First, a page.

Does Acupuncture work?

September 17, 2012
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I once madethe mistake of expressing doubts about acupuncture to a friend who was a “true believer”.  Like all true believers, there was an almost religious fervor in his testimonial. After all, he personally experienced relief of his low- back pain, lasting 3 days! How could I, armed with all the scientific data but no personal experience, doubt him? Iam happy to report that we are still friends.

I once madethe mistake of expressing doubts about acupuncture to a friend who was a “true believer”.  Like all true believers, there was an almost religious fervor in his testimonial. After all, he personally experienced relief of his low- back pain, lasting 3 days! How could I, armed with all the scientific data but no personal experience, doubt him? Iam happy to report that we are still friends. But the conversation caused me to think about a more fundamental question of what do you mean by “work”. When I look at results of a drug trial and see that the experimental arm is no better than the control, both showing a 30% effect (or 50% in psychiatric drug trials), the conclusion is clear-cut: the experimental arm is no better than placebo. The drug doesn’t work. But ask the 30% who experienced an effect and they will swear up and down that the drug does work. So who is right?

Unlike the common perception, the placebo effect is not “all in your head” because you are gullible, or suggestible, or worse. It is literally in your head; many studies have clearly demonstrated that endorphins, dopamine, endogenous cannabinoids (as in cannabis, the active ingredient in marijuana) are major factors in the placebo effect.

Acupuncture

Recently, a study was published in the online edition of the Archives of Internal Medicine (September, 2012)  which ostensibly shows that “it works” in the “scientific” sense of the word, namely that it is superior to placebo. Well, barely. The authors, who include researchers with Memorial Sloan-Kettering Cancer Center in New York and several universities in England and Germany, conducted a meta-analysis of the best available studies that had been published on the subject. They examined 29 studies involving almost 18,000 adults, and meticulously went through the individual charts of the patients. Meta analysis is not as robust a method as randomized, double-blind, controlled study design. But the large number of patients involved, the careful accounting for confounding factors, and the painstaking examination of individual patient data make this study pretty robust. As to the results, the difference between the acupuncture group and regular treatment (no acupuncture) was very large in favor of acupuncture. But this comparison is not addressing the main question: what is “real” and what is placebo? This can be done only by comparing acupuncture and sham treatment with needles that resembles acupuncture, but isn’t the real thing. And here the picture is less clear; acupuncture was better than sham, but only barely. And given the difficulty of accounting for all possible confounding factors, it is impossible to state with confidence that acupuncture is anything more than a placebo.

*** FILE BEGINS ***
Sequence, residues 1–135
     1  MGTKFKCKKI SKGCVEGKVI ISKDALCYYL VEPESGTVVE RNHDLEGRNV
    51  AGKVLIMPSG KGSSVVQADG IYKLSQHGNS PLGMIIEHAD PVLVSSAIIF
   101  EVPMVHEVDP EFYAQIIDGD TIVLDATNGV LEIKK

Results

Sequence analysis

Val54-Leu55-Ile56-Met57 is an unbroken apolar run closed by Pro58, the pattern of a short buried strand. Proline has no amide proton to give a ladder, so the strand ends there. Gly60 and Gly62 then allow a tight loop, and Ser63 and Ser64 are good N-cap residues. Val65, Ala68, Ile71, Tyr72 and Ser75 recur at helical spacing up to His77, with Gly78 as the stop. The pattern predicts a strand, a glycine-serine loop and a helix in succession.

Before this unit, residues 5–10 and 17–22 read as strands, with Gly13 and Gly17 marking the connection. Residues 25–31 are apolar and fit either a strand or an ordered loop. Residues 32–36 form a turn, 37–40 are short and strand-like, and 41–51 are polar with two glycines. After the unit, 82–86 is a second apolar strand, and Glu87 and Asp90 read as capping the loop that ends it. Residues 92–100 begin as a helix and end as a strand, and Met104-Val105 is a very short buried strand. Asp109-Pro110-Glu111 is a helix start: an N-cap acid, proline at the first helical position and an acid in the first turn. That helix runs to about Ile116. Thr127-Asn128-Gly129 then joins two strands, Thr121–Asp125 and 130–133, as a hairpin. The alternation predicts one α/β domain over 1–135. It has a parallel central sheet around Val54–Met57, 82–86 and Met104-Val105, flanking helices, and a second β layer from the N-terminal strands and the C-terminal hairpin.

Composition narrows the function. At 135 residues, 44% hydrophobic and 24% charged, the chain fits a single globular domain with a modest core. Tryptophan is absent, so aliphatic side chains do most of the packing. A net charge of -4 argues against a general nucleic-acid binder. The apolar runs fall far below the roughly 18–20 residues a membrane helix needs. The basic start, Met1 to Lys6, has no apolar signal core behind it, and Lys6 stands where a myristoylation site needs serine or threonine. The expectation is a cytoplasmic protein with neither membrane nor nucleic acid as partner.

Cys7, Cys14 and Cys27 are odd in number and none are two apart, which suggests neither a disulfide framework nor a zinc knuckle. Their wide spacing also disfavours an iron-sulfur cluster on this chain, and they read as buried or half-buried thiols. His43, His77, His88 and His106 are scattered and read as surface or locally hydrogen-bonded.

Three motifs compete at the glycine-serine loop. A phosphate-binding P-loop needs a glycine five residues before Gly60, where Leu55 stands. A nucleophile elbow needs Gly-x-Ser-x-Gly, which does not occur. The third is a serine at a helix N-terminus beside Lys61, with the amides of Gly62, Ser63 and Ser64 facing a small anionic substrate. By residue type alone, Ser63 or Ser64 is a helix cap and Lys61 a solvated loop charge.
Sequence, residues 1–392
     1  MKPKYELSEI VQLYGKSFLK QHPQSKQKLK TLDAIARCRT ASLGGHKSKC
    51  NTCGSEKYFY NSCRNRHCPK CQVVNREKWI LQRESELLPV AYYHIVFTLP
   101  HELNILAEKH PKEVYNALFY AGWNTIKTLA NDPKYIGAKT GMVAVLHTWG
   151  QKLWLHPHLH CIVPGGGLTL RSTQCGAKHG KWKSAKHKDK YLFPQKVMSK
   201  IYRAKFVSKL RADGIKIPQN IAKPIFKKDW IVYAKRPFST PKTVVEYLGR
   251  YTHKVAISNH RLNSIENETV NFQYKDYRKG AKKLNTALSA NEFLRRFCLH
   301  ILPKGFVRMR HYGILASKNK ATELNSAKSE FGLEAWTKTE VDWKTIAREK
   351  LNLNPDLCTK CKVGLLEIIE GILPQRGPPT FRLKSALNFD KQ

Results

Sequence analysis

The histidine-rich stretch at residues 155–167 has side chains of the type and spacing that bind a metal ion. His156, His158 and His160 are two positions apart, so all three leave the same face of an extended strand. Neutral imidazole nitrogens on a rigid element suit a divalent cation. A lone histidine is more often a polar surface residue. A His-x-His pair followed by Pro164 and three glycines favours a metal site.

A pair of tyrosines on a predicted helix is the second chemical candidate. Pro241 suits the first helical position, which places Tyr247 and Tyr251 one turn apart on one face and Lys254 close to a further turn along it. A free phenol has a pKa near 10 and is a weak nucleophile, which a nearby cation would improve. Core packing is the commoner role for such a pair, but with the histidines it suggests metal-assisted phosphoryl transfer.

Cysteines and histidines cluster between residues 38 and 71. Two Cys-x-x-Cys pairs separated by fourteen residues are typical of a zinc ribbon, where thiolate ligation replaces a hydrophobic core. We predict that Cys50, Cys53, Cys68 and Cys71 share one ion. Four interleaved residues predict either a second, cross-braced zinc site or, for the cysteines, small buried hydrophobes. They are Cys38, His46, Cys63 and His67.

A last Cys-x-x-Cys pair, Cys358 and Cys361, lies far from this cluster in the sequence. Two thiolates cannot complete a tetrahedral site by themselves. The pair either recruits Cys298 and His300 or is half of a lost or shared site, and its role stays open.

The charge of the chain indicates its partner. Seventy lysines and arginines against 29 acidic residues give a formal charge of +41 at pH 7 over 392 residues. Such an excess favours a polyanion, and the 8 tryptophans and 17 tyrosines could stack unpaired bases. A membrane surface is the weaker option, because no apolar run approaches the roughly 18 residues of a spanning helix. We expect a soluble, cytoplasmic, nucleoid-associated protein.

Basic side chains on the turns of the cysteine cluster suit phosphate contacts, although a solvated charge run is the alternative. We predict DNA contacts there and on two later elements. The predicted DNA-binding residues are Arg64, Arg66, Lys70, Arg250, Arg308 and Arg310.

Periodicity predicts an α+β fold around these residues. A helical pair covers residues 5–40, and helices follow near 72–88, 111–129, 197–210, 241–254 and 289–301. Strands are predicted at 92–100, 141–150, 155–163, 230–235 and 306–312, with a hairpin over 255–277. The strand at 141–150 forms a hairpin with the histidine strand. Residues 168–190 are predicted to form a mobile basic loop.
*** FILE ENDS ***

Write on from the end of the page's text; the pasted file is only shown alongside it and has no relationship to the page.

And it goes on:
But this is the “scientific” conclusion. What about the patient? After all, he/she are what medicine should be about. Indeed, here is the author’s conclusion:

“Acupuncture is effective for the treatment of chronic pain and is therefore a reasonable referral option ( emphasis mine). Significant differences between true and sham acupuncture indicate that acupuncture is more than a placebo. However, these differences are relatively modest, suggesting that factors in addition to the specific effects of needling are important contributors to the therapeutic effects of acupuncture”

The key words here are “reasonable referral option”. This is revolutionary; what it says is that even though the benefit of acupuncture is slight to non-existent from a strictly scientific of view, who cares. The patient is the measure, and if there is pain relief we should not deprive him or her of the benefit just because the mechanism is either unknown or is due to placebo effects on the brain.

I find it ironic that until the 18th century (the age of enlightenment and invention of the scientific method) this was the main mode of therapy. The physician holding the hand of the bedridden patient was the subject of many art works. Plant extracts, potions, voodoo, these were the only tools available since the ancient civilizations of Egypt, Mesopotamia, the Indus valley and China. Maybe we should go back and reexamine the clay tablets, hieroglyphs, Hindu Vedas and Chinese parchment manuscripts. There may be great wisdom in thar them writings.

Not much to done, except keeping vigil

 

 

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